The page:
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Refi Apps Fall as Rates Continue to Rise

The Mortgage Bankers Association (MBA) has reported that mortgage applications fell 8.1% week-over-week for the week ending February 4, 2022.

The MBA’s Refinance Index decreased 7% from the previous week, and was 52% lower than the same week one year ago. The seasonally adjusted Purchase Index decreased 10% from one week earlier. The unadjusted Purchase Index decreased 3% compared with the previous week, and was 12% lower than the same week just one year ago.

The refinance share of mortgage activity decreased to 56.2% of total applications, from 57.3% the previous week. The adjustable-rate mortgage (ARM) share of activity remained unchanged at 4.5% of total applications.

"Mortgage rates continued to edge higher last week, with the 30-year fixed rate climbing to 3.83%,” said Joel Kan, MBA's Associate VP of Economic and Industry Forecasting. “Rates followed the U.S. 10-year yield, and other sovereign bonds as the Federal Reserve and other key global central banks responded to growing inflationary pressures and signaled that they will start to remove accommodative policies. With rates 87 basis points higher than the same week a year ago, refinance applications continued to decrease.”

By loan type, the FHA share of total applications increased to 8% from 7.7% the week prior. The VA share of total applications increased to 10% from 9.1% the week prior. The USDA share of total applications remained unchanged at 0.4% from the week prior.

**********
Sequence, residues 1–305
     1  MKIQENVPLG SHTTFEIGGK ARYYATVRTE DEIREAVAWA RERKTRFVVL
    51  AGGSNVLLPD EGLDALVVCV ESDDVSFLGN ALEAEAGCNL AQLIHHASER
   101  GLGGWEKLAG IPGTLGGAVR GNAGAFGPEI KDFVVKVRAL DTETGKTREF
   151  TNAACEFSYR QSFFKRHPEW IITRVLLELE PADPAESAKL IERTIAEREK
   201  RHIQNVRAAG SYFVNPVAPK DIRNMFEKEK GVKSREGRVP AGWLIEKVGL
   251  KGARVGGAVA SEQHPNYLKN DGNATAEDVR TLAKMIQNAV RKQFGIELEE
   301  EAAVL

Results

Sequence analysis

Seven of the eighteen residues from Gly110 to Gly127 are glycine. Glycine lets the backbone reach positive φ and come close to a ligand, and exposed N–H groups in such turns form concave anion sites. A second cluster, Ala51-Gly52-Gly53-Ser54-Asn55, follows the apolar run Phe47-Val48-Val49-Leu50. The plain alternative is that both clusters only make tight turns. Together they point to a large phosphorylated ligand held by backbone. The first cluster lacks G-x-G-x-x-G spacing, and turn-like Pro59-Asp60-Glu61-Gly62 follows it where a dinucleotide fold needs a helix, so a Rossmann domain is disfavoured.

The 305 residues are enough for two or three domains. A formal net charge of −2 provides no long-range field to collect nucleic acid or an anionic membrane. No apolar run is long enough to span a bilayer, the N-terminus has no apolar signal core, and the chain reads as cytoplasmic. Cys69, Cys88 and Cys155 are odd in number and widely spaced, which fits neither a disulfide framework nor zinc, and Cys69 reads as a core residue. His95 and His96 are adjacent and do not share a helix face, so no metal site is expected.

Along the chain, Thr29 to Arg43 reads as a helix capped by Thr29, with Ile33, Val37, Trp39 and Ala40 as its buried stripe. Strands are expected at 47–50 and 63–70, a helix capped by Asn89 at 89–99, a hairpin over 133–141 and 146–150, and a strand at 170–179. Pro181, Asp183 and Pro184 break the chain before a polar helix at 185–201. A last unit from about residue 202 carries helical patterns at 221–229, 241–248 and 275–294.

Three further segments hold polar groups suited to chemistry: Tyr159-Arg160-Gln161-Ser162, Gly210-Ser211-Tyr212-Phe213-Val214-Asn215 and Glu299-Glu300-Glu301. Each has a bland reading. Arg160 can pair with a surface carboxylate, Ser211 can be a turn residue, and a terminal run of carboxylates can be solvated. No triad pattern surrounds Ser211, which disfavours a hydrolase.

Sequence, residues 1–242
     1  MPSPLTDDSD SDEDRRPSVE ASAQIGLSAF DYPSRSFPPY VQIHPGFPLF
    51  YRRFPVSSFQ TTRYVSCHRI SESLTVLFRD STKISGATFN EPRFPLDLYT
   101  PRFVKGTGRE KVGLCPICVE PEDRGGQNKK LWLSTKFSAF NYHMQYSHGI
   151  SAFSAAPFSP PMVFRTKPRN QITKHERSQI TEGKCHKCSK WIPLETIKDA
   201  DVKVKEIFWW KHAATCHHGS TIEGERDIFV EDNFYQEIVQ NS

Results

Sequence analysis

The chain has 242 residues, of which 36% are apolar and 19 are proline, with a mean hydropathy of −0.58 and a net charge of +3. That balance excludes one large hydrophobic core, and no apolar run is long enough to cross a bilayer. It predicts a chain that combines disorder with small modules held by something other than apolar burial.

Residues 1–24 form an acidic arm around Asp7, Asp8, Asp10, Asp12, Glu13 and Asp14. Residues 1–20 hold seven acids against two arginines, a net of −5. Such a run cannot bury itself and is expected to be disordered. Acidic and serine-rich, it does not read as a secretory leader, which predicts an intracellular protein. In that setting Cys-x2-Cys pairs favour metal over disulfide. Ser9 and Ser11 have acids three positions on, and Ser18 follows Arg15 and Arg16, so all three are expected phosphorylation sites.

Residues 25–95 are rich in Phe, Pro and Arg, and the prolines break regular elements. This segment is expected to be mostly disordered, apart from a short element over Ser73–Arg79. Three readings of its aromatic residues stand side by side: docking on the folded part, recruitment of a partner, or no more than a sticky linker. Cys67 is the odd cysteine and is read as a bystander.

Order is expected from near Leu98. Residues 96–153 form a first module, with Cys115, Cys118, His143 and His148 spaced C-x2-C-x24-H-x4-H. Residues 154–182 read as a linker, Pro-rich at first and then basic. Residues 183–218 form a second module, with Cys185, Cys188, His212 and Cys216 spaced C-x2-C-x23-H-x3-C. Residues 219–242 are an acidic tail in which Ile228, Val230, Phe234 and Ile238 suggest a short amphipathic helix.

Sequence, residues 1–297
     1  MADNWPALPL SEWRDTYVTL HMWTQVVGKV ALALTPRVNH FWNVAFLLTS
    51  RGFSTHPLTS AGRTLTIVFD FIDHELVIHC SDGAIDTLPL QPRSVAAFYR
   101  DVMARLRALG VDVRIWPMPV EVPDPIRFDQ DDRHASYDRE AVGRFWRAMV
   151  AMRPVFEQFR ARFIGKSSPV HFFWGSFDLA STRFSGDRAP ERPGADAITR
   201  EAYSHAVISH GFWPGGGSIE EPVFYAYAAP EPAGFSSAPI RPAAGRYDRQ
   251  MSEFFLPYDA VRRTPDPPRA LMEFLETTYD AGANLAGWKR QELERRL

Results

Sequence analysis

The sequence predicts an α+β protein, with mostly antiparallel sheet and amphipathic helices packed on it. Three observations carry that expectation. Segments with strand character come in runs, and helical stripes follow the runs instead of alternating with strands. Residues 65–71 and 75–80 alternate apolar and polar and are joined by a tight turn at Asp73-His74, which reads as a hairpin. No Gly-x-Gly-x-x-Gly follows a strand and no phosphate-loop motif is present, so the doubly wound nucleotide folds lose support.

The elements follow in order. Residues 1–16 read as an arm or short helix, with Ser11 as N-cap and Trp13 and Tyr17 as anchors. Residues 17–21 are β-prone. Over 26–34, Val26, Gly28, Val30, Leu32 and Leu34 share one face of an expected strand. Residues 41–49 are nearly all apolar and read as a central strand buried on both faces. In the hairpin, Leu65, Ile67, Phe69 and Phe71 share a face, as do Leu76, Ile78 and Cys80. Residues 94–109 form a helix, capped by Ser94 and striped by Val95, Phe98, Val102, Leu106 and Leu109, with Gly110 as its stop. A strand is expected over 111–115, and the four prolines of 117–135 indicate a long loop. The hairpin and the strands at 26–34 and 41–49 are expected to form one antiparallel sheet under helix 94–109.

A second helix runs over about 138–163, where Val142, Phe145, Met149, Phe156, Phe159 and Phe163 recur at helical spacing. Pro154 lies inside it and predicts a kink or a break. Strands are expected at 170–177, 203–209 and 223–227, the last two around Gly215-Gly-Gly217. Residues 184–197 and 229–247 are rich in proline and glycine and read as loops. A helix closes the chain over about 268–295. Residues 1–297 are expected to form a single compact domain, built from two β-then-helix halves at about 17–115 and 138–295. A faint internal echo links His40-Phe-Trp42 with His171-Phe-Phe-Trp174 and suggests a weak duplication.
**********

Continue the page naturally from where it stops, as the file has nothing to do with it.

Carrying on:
"Purchase activity slowed after the previous week's gain,” noted Kan. “Both conventional and FHA purchase applications saw proportional declines, resulting in purchase activity overall dropping 10%. The average loan size again hit another record high at $446,000. Activity continues to be dominated by larger loan balances, as inventory remains tight for entry-level buyers."

Consumer sentiment toward housing softened in January 2022, reaching its lowest level since May 2020, as affordability restrictions continue to weigh on the housing market. A record-low 25% of survey respondents in January reported that they believe it’s a good time to buy a home, compared to the 69% of consumers who reported now is the best time to sell.

One of the factors weighing on the mind of prospective buyers remains the lack of available homes for sale. However, a solution to boosting inventory numbers comes from the nation’s homebuilders, who have been busy trying to make up for the lack of existing homes on the market and keep up with high demand.

Redfin recently reported that overall inventory dropped to a record low in December, as the supply of existing homes fell 14.2% year-over-year, and there was a record-low 1.8 month’s worth-supply. For new homes, there was six months of supply and inventory was up 34.8%. As the share of homes for sale of newly built homes has risen, the share of home sales that are new builds has remained relatively consistent at approximately 11%.

Overall, the nation’s housing market gained $6.9 trillion in value in 2021, increasing to $43.4 trillion throughout the year found Zillow. Historically, the market hit the $10 trillion mark in 1994, $20 trillion in 2004, and $30 trillion in July of 2017.

About Author: Eric C. Peck

Eric C. Peck has 20-plus years’ experience covering the mortgage industry, he most recently served as Editor-in-Chief for The Mortgage Press and National Mortgage Professional Magazine. Peck graduated from the New York Institute of Technology where he received his B.A. in Communication Arts/Media. After graduating, he began his professional career with Videography Magazine before landing in the mortgage space. Peck has edited three published books and has served as Copy Editor for Entrepreneur.com.

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